It was an open question whether 33 could be written as the sum of three cubes. Thanks to Andrew R. Booker, it now isn’t.

\begin{array}{c} (8866128975287528)^3 \\ + \\(-8778405442862239)^3 \\ + \\(-2736111468807040)^3 \\ = \\ 33\end{array}

It was an open question whether 33 could be written as the sum of three cubes. Thanks to Andrew R. Booker, it now isn’t.

\begin{array}{c} (8866128975287528)^3 \\ + \\(-8778405442862239)^3 \\ + \\(-2736111468807040)^3 \\ = \\ 33\end{array}

Presented by Katie Steckles and Peter Rowlett, episodes of Mathematical Objects will take an object, real or abstract, as inspiration to chat about a mathematical topic. This introduction explains the idea ahead of the first episode, coming soon.

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One day, a couple of months ago, I was walking my son to nursery and he asked what I was doing that day. I said I was going to do some teaching. What about? he asked. Well.

My son is obsessed with the Spike Milligan nonsense poem ‘On the Ning Nang Nong’. Here’s a video of Spike reciting it.

This weekend, he asked me to help him learn it. I’ve tried to memorise it before, to save having to find the book when he wants me to recite it. But somehow, it’s never quite stuck. I can remember all the bits and the basic order (Cows-Trees-Mice), and know what happens after the lines ending “Nong” (“Cows go bong”), “Ning” (“Trees go ping”) and “Nang” (“Mice go clang”). What I struggle with is remembering which order the “Ning”, “Nang” and “Nong” go before the one that rhymes with what comes next.

At the weekend, I wrote “Ning”, “Nang” and “Nong” on pieces of paper and we rearranged them as we read the poem. I realised my difficulty is a mathematician pattern-spotting one. There’s a not-quite Latin square embedded in the poem.

Pringles ran a Super Bowl advert. In case you’re looking for ways to give Pringles more money, apparently you can buy several tubes of Pringles and mix the flavours. (Pringles are a type of food. Super Bowl is a kind of sport. None of that matters, what matters is…) The advert shows a man stacking three Pringles together and claims there are 318,000 possibilities.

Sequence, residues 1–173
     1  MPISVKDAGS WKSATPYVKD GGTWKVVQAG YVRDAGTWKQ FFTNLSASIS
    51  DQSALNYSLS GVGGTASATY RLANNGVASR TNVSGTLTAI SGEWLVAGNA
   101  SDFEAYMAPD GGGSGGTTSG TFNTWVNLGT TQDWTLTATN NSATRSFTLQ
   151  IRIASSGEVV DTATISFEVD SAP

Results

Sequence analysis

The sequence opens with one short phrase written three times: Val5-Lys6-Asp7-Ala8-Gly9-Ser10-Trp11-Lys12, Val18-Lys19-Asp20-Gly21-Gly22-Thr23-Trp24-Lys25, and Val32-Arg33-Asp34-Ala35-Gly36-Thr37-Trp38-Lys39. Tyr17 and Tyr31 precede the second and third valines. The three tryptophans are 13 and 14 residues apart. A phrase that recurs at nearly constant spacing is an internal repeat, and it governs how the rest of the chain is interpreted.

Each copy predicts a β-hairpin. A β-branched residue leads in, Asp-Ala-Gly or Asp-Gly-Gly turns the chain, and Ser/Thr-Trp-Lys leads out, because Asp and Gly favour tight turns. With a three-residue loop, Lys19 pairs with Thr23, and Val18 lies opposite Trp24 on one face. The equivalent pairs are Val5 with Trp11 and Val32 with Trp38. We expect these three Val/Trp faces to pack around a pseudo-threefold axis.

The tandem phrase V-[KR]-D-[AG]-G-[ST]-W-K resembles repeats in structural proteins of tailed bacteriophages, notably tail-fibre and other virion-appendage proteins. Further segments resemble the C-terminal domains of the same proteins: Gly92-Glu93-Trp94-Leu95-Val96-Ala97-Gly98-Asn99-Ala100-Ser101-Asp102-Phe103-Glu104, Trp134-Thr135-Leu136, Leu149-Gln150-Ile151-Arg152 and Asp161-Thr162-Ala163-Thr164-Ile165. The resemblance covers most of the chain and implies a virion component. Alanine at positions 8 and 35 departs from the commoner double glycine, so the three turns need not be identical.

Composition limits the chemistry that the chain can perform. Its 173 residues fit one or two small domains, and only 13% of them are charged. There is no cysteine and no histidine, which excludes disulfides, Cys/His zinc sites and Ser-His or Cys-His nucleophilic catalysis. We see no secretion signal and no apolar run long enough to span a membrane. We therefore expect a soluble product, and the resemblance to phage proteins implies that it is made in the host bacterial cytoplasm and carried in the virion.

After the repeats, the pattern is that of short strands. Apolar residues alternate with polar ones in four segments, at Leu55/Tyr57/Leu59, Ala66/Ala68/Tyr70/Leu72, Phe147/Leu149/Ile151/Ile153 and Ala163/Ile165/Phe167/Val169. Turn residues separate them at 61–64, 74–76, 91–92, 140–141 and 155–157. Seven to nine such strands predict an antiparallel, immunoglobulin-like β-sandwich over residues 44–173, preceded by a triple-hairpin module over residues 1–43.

It’s that time of year when we take a look at the UK Government’s New Years Honours list for any particularly mathematical entries. Here is the selection for this year – any more, let us know in the comments and we’ll add to the list.

- Tim Harford, journalist and presenter of BBC Radio programme More or Less, appointed OBE for services to Improving Economic Understanding.
- Deirdre Houston, Deputy Principal, Northern Ireland Statistics and Research Agency, appointed OBE for services to Integrated Education in Randalstown.
- Valsa Koshy, Emeritus Professor, Brunel University and mathematics education researcher, appointed MBE for services to Education.

Get the full list here.

The second annual Royal Statistical Society ‘statistics of the year’ have been announced. The Guardian reports that these include top prize for “90.5%, the proportion of plastic waste that has never been recycled”, and that other statistics awarded or commended involve Jaffa Cakes, poverty, gender equality, climate change and someone called Kylie Jenner. The RSS says “the Statistics of the Year aim to show the sometimes surprising stories that numbers can tell us about the world”.

Statistic of the year from the RSS.

Environment, Jaffa Cakes and Kylie Jenner star in statistics of year, at The Guardian.